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DOE JGI launches IMG public online microbial genome data clearinghouse

As the microbial world comes to light through DNA sequencing, the new Integrated Microbial Genomes (IMG) data management system of the U.S. Department of Energy (DOE) Joint Genome Institute (JGI) will deliver valuable information for the benefit of the global research community.

"The IMG system is an essential enhancement to the computational toolkit supported by DOE," said Dr. Aristides A. Patrinos, Associate Director for Environmental and Biological Research of the DOE Office of Science. "IMG responds to the urgent need of handling the vast and growing spectrum of datasets emerging from genome projects taken on by the DOE JGI and other public DNA sequencing centers. It is our hope that the IMG system will enable our scientists to tap the rich diversity of microbial environments and harness the possibilities that they hold for addressing challenges in environmental cleanup, medicine, agriculture, industrial processes, and alternative energy production."

The DOE JGI is currently producing nearly one-quarter of the number of microbial genome projects worldwide, more than any other single institution. The IMG system currently features over 200 organisms, with an additional 200 already in the queue for 2005. The release of IMG, accessible to the public at http://img.jgi.doe.gov/, is the result of a collaboration between the DOE JGI and Lawrence Berkeley National Laboratory's Biological Data Management and Technology Center (BDMTC).

"As the number of microbial genomes sequenced continues to rise, the genome analysis process becomes the rate-limiting step," said DOE JGI Director Eddy Rubin. "By integrating publicly available microbial genome sequence with DOE JGI sequences, the IMG system offers a powerful data management platform that supports timely analysis of genomes from a comparative functional and evolutionary perspective."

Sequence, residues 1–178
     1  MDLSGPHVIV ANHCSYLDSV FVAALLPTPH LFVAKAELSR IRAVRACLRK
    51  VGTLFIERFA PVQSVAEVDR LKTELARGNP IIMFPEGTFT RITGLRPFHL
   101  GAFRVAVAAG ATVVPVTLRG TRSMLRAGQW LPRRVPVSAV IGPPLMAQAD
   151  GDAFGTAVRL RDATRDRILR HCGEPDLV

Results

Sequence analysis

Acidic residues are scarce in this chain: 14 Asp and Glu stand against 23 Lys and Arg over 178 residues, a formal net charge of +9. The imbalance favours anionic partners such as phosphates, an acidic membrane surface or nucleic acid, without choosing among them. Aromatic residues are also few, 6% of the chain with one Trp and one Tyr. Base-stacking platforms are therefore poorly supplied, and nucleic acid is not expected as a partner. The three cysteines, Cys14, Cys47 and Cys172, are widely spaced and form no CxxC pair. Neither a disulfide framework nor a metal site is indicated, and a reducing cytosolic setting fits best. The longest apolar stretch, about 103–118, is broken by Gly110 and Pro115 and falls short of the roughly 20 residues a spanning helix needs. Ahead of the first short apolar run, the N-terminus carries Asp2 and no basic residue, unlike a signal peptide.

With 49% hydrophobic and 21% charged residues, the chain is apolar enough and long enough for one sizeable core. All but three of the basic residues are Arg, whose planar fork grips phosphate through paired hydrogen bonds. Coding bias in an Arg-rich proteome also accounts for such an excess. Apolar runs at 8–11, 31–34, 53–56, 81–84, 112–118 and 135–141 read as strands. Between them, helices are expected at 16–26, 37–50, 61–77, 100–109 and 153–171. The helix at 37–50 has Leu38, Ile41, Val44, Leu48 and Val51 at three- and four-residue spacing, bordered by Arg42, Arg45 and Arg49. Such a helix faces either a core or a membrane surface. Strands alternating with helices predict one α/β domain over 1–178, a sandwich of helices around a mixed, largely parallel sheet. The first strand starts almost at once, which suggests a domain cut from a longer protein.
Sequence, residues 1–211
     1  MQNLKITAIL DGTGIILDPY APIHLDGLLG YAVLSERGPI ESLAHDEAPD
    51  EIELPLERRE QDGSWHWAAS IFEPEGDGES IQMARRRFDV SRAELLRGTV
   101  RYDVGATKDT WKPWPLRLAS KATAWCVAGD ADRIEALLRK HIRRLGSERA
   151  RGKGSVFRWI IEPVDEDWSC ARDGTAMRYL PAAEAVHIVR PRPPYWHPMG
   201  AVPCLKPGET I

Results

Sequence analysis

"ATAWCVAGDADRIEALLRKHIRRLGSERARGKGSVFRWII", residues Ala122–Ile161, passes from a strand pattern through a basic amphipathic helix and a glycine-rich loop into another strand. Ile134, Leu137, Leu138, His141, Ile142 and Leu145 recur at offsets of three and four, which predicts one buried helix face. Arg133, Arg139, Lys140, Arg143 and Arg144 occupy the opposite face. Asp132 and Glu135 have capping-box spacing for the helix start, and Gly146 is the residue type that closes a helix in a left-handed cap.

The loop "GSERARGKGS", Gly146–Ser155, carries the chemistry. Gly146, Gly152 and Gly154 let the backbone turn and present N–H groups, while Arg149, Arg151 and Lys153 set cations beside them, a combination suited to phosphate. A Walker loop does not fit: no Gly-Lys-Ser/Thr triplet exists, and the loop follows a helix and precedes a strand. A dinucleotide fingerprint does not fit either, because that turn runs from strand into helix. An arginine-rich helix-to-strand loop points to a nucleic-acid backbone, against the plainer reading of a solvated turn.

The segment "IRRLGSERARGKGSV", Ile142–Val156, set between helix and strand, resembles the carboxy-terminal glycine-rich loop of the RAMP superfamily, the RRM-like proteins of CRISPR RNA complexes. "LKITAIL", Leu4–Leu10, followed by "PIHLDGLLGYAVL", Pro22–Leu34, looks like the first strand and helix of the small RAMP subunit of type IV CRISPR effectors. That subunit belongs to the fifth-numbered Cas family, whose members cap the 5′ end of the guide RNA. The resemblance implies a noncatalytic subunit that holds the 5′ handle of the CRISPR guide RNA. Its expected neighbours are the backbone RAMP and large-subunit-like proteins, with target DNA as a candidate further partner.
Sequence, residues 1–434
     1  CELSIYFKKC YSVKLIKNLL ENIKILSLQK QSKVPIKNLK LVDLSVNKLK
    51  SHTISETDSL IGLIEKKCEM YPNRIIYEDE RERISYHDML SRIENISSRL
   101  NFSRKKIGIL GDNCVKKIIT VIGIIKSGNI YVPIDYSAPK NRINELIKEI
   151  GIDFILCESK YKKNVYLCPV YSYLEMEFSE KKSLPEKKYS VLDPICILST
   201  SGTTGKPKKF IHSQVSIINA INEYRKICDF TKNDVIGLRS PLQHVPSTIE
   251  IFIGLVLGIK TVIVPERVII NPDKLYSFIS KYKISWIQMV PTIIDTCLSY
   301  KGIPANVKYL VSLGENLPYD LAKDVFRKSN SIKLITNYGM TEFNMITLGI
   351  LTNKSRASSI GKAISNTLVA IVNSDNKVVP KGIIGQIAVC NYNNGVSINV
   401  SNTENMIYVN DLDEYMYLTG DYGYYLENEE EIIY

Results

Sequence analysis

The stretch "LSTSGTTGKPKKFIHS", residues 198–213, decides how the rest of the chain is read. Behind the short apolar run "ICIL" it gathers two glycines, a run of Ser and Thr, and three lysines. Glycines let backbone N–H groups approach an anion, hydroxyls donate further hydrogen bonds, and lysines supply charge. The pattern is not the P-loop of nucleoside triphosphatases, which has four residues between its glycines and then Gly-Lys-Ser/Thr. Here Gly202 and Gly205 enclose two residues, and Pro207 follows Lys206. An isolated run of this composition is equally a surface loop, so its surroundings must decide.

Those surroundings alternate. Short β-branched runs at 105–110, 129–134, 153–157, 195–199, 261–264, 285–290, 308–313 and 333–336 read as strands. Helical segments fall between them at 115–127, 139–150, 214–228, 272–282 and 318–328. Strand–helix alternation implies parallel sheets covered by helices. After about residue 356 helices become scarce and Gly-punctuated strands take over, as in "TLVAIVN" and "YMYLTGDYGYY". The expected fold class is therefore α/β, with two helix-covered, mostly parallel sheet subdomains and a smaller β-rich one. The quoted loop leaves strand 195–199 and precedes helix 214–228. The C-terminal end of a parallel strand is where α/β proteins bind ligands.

"IMG's primary goal is to provide high-quality data in a comprehensible system that is diverse in terms of the number of genomes it covers," said Victor Markowitz, head of BDMTC, who led the IMG development effort. "This goal follows the fundamental principle that the value of genome analysis depends on the quality of the data and increases with the number of genomes available for comparative analysis."

Nikos Kyrpides, of DOE JGI's Microbial Genome Analysis Program (MGAP), provided scientific leadership and overall coordination for the IMG project. MGAP manages the IMG's data content and curation and helped develop the system, with additional support provided by DOE JGI's Microbial Ecology and Genome Data System groups. "The IMG system champions the principle of integration in an evolutionary context" said Kyrpides. "This is critical for enabling the generation of high-quality annotations, and comprehensive metabolic reconstructions.

"The first release of IMG offers a comprehensive genome data exploration system of the DOE JGI-sequenced genomes to our collaborators and the scientific community at large." According to Kyrpides, future releases of IMG will provide enhanced data analysis capabilities and mechanisms that will allow the scientific community to participate in the annotation effort.